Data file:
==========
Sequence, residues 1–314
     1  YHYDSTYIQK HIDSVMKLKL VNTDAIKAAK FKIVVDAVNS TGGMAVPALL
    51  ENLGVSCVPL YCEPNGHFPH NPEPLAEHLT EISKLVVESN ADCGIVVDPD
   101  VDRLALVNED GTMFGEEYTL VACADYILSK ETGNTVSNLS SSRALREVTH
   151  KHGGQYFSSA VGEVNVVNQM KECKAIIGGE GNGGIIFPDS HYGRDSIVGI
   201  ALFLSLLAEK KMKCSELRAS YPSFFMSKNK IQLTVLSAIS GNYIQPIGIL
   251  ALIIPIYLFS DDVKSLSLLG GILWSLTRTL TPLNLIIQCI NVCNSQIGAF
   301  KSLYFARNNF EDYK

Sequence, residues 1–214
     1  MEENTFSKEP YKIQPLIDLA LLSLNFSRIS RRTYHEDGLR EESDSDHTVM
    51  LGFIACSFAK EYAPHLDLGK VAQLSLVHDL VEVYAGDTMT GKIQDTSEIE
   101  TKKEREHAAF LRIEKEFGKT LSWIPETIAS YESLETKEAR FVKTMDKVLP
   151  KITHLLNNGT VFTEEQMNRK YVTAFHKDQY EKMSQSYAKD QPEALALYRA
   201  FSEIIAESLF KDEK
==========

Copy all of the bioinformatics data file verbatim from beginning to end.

Sequence, residues 1–314
     1  YHYDSTYIQK HIDSVMKLKL VNTDAIKAAK FKIVVDAVNS TGGMAVPALL
    51  ENLGVSCVPL YCEPNGHFPH NPEPLAEHLT EISKLVVESN ADCGIVVDPD
   101  VDRLALVNED GTMFGEEYTL VACADYILSK ETGNTVSNLS SSRALREVTH
   151  KHGGQYFSSA VGEVNVVNQM KECKAIIGGE GNGGIIFPDS HYGRDSIVGI
   201  ALFLSLLAEK KMKCSELRAS YPSFFMSKNK IQLTVLSAIS GNYIQPIGIL
   251  ALIIPIYLFS DDVKSLSLLG GILWSLTRTL TPLNLIIQCI NVCNSQIGAF
   301  KSLYFARNNF EDYK

Sequence, residues 1–214
     1  MEENTFSKEP YKIQPLIDLA LLSLNFSRIS RRTYHEDGLR EESDSDHTVM
    51  LGFIACSFAK EYAPHLDLGK VAQLSLVHDL VEVYAGDTMT GKIQDTSEIE
   101  TKKEREHAAF LRIEKEFGKT LSWIPETIAS YESLETKEAR FVKTMDKVLP
   151  KITHLLNNGT VFTEEQMNRK YVTAFHKDQY EKMSQSYAKD QPEALALYRA
   201  FSEIIAESLF KDEK